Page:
About This Drug
Romidepsin is used to treat cancer. This drug is given in the vein (IV).
Possible Side Effects (More Common)
- Nausea and throwing up (vomiting). These symptoms may happen within a few hours of your treatment and may last up to 24 hours. Medicines are available to stop or lessen these side effects.
- Weakness and tiredness
- Decreased appetite (decreased hunger)
- Bone marrow depression. This is a decrease in the number of white blood cells, red blood cells, and platelets. This may raise your risk of infection, make you tired and weak (fatigue), and raise your risk of bleeding.
Possible Side Effects (Less Common)
- Constipation (not able to move bowels)
- Electrolyte changes. Your blood will be checked for electrolyte changes as needed.
- Your heart tissue can be harmed. This may cause your heart to beat in a way that is not normal. Your doctor may order an EKG to check this.
- Changes in your liver function. Your doctor will check your liver function as needed.
- Tumor lysis: This drug may act on the cancer cells very quickly. This may affect how your kidneys work. Your doctor will monitor your kidney function.
Treating Side Effects
- Drink 6-8 cups of fluids each day unless your doctor has told you to limit your fluid intake due to some other health problem. A cup is 8 ounces of fluid. If you throw up or have loose bowel movements you should drink more fluids so that you do not become dehydrated (lack water in the body due to losing too much fluid).
- Ask your doctor or nurse about medicines that are available to help stop or lessen constipation.
Food and Drug Interactions
- Avoid grapefruit and grapefruit juice as it may affect the levels of romidepsin in your body.
- This drug may interact with other medicines. Tell your doctor and pharmacist about all the medicines and dietary supplements (vitamins, minerals, herbs and others) that you are taking at this time. The safety and use of dietary supplements and alternative diets are often not known. Using these might affect your cancer or interfere with your treatment. Until more is known, you should not use dietary supplements or alternative diets without your cancer doctor's help.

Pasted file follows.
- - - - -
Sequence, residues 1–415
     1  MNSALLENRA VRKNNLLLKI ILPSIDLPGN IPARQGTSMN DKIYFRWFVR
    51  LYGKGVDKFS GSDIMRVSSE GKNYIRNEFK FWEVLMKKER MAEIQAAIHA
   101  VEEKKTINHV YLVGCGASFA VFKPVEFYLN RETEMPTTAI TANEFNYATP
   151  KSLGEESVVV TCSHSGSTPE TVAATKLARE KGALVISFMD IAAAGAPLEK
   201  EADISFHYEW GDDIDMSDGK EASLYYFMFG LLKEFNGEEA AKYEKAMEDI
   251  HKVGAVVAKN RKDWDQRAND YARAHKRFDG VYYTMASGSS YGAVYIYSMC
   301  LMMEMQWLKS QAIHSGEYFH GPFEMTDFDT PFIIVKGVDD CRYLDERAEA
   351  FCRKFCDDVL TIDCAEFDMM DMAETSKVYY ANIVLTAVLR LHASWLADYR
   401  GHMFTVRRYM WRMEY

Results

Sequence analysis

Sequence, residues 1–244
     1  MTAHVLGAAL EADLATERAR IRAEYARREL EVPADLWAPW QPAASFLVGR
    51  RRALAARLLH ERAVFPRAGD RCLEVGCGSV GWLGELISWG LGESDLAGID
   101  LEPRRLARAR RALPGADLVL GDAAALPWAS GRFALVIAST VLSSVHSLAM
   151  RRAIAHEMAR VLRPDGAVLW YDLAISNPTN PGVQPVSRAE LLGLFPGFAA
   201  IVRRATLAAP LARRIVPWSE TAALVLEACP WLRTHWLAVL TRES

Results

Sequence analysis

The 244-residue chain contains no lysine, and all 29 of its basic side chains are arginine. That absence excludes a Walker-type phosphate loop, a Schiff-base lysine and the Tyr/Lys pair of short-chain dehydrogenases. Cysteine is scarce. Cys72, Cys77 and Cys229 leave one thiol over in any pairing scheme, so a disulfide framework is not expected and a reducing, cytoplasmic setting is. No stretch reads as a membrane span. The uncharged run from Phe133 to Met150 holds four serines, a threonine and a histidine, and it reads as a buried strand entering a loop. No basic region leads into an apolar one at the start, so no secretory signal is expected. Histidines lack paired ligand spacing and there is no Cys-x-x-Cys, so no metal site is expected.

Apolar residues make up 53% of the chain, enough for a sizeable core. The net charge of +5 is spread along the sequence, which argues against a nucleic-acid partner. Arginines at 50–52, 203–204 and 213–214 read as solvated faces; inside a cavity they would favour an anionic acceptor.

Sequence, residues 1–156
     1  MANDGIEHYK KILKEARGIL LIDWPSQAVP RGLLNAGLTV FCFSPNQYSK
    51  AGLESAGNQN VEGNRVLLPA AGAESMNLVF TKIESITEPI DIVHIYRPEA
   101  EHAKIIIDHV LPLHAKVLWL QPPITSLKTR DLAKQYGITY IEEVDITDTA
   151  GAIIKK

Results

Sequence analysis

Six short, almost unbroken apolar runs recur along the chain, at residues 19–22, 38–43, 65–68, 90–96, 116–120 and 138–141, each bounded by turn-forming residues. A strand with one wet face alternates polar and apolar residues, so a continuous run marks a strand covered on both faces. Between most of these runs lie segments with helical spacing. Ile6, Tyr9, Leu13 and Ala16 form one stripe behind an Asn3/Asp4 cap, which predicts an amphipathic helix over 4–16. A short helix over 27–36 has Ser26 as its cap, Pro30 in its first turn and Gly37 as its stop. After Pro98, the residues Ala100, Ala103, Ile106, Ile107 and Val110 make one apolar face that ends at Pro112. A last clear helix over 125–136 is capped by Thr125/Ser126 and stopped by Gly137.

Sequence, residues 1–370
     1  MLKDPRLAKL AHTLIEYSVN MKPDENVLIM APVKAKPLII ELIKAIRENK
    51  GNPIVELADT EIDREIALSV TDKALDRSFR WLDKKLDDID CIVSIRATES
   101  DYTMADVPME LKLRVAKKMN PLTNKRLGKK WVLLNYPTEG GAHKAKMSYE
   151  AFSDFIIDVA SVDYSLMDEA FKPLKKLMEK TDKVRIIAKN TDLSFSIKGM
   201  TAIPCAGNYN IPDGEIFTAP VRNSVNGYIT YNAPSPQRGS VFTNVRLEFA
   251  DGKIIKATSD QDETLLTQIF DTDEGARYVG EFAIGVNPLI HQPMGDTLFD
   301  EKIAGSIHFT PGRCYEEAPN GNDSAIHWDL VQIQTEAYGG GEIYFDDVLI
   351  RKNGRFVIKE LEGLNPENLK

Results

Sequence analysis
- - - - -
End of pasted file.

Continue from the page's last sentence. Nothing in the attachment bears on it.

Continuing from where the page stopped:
When to Call Your Doctor
Call your doctor or nurse right away if you have any of these symptoms:
- Fever of 100.5 F (38 C) or higher
- Easy bleeding or bruising
- Feeling dizzy or lightheaded
- Feeling that your heart is beating in a fast or not normal way (palpitations)
- Nausea that stops you from eating or drinking
- Throwing up more than 3 times a day
- Signs of liver problems: dark urine, pale bowel movements, bad stomach pain, feeling very tired and weak, unusual itching, or yellowing of the eyes or skin.
Call your doctor or nurse as soon as possible if you have any of these symptoms:
- Nausea that is not relieved by prescribed medicines
- Lasting loss of appetite or rapid weight loss of five pounds in a week
- Fatigue that interferes with your daily activities
- Headache that does not go away
- No bowel movement for 3 days or you feel uncomfortable
- Extreme weakness that interferes with normal activities
- Pregnancy warning: This drug may have harmful effects on the unborn child, so effective methods of birth control should be used during your cancer treatment.
- Breast feeding warning: It is not known if this drug passes into breast milk. For this reason, women should talk to their doctor about the risks and benefits of breast feeding during treatment with this drug because this drug may enter the breast milk and badly harm a breast feeding baby.
Revised November 2014